Microsoft issued an update to its recent March Cumulative Update for its Exchange Server platform aimed at patching four critical vulnerabilities that have recently become exploits.
Today’s March 9, 2021, update follows a previously issued emergency patch for its 2013, 2016, and 2019 Exchange Server products that have become the recent targets of cyberattacks from a presumed nation-state. Internally, Microsoft is tracking CVE-2021-26855, CVE-2021-26857, CVE 2021-26858, and CVE-202-27065 as the four identifiable flaws within its various Exchange Server platforms for on-premise setups.
Microsoft’s community support forum details the steps admins can use to temporarily patch the vulnerabilities within their systems against the latest cyberattack.
- These updates must be installed from an elevated command prompt:
- Download the update but do not run it immediately.
- Temporarily disable file-level antivirus software
- Select Start, and type CMD.
- In the results, right-click Command Prompt, and then select Run as administrator.
- If the User Account Control dialog box appears, choose Yes, and then select Continue.
- Type the full path of the .msp file, and then press Enter.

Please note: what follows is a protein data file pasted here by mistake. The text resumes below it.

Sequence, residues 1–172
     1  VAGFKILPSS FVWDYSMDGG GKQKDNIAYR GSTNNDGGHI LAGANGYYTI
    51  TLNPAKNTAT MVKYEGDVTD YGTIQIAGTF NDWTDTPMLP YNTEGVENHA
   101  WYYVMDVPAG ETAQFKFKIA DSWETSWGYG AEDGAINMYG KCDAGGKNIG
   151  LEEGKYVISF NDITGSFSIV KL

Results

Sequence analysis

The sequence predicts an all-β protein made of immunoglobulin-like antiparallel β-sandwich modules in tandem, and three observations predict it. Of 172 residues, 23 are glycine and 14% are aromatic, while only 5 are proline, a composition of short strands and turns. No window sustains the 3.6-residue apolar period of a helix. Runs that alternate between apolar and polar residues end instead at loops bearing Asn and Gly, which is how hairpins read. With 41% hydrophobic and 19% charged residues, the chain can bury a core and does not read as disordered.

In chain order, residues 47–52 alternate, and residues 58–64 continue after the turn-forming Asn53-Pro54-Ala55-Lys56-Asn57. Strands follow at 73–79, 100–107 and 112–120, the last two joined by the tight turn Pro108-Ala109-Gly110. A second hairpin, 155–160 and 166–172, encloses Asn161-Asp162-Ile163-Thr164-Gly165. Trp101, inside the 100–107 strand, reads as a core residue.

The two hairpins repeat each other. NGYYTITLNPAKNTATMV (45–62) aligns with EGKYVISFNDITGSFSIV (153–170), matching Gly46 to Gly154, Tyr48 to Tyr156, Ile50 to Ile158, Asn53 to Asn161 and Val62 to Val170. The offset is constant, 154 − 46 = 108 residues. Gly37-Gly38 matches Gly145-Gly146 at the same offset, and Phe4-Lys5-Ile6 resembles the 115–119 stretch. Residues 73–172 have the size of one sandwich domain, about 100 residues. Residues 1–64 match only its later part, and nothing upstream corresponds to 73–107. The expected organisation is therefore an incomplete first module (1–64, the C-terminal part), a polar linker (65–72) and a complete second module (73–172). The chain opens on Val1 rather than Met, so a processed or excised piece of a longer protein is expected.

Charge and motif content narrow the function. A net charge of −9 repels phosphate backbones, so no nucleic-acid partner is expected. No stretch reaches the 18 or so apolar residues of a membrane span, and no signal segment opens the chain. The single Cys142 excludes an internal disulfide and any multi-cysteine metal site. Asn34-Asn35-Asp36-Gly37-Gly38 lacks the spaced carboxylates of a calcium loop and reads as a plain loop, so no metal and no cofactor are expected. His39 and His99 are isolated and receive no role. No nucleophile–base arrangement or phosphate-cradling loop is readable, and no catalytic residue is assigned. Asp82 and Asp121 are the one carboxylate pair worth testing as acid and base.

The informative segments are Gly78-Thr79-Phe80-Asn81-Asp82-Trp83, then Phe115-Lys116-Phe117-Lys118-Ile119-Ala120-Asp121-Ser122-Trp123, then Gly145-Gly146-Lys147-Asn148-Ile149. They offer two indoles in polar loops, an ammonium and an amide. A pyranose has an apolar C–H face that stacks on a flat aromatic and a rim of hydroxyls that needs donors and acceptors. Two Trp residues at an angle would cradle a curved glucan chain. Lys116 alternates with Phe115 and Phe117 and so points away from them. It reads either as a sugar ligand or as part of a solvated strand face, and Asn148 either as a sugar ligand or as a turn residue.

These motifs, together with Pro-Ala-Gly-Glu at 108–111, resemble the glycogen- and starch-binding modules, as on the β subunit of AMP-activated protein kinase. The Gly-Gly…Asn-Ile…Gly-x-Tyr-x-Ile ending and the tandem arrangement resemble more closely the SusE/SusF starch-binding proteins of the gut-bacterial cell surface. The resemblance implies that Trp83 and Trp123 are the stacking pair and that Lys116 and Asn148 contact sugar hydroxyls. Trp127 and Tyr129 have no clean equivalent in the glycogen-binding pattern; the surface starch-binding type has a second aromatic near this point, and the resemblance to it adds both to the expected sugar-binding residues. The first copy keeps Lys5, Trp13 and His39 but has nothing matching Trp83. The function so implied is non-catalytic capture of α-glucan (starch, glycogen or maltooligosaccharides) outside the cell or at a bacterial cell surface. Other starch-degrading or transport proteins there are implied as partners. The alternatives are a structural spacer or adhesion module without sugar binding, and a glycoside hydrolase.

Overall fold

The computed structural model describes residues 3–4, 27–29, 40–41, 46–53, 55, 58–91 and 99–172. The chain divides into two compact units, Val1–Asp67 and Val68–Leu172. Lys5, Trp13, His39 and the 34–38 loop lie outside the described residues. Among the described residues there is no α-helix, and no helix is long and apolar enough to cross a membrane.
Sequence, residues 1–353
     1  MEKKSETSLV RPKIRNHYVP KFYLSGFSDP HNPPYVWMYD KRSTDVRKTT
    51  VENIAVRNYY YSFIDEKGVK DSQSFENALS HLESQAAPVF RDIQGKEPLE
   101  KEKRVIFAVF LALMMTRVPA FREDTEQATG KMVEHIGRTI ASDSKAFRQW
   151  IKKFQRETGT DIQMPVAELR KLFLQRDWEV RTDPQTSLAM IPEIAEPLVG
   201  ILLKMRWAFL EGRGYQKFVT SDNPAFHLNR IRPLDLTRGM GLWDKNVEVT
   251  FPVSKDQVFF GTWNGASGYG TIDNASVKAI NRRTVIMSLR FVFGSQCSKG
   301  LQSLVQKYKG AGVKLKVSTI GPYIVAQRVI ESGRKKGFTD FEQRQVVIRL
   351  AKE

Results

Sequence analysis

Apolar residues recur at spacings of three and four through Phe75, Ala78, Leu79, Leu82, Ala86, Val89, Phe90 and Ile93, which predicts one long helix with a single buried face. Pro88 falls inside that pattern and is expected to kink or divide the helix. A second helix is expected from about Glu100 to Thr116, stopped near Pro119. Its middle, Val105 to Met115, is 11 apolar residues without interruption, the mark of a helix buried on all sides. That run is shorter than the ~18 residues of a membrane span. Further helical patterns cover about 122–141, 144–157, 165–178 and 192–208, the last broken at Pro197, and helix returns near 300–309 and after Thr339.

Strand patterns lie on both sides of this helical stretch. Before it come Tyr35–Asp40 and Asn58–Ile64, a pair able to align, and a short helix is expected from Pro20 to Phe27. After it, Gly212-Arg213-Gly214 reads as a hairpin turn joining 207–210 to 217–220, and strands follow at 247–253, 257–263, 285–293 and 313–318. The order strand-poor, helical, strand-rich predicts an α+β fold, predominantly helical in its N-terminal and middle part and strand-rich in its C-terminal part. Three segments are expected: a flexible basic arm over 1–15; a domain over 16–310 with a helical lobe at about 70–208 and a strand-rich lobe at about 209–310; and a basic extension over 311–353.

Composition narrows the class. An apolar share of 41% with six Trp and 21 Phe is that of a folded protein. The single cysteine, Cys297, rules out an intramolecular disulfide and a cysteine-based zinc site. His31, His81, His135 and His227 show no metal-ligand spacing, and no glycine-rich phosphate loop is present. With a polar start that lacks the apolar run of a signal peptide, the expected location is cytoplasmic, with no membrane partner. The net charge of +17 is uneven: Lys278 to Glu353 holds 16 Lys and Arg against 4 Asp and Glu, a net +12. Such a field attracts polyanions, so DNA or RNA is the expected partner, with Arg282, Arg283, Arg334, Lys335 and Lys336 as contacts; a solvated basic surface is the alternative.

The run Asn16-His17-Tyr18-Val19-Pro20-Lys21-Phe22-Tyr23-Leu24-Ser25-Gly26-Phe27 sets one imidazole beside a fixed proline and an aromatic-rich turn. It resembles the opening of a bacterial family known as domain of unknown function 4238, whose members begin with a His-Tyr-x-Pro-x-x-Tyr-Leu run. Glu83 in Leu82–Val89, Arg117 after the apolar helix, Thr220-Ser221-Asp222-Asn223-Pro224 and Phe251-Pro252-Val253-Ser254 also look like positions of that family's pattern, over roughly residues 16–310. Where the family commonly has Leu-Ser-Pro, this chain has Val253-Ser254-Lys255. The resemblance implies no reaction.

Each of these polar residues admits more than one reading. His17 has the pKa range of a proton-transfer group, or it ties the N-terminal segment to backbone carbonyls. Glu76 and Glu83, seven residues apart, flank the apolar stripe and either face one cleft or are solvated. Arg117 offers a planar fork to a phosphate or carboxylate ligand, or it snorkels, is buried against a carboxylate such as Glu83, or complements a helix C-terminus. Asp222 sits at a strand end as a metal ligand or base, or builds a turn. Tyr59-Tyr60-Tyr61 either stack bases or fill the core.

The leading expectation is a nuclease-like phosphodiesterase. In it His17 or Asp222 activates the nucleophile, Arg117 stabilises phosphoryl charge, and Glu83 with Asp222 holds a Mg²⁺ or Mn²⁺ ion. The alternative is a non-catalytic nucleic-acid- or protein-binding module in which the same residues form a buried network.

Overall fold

- After the installation is finished, re-enable the antivirus software, and then restart the computer. (You might be prompted by the installer to restart.)
Among the additional crucial bits of protection, the community support blog also hosts information that includes the limitations to Microsoft’s support of affected Exchange Servers. Embedded within Microsoft’s community support blog is the company’s explanation on why it’s currently racing to patch and protect previously unsupported platforms as well as the distinction that these new updates should not infer future support.
These update packages contain only fixes for March 2021 CVEs (CVE-2021-26855, CVE-2021-26857, CVE-2021-26858, CVE-2021-27065); no other product updates or security fixes are included. Installing these updates does not mean an unsupported CU is now supported.
Today’s update comes as an acknowledgment by Microsoft that its on-premise Exchange Server has become the highlighted target of malicious online attacks twice within a year or so. While not the scale of SolarWinds, the Hafnium cyberattack has been running for some time and is in its own right has the potential to be crippling.
An estimated 18,000 organizations worldwide are potentially affected by the Hafnium cyberattack. The list of vulnerabilities for the affected Exchange servers includes Server-Side Request Forgery for HPPT requests that don’t require authentication, insecure decentralization at the SYSTEM level, and write paths to post-authentication arbitrary file writes.
Back in late February, Microsoft was brought before Congress to answer questions regarding the massive SolarWinds cyberattack, and it stands to reason the company will be questioned about this most recent attack and what steps it’s going to take going forward to mitigate this level and occurrence of cyber-attacks to its older on-premise Exchange Servers.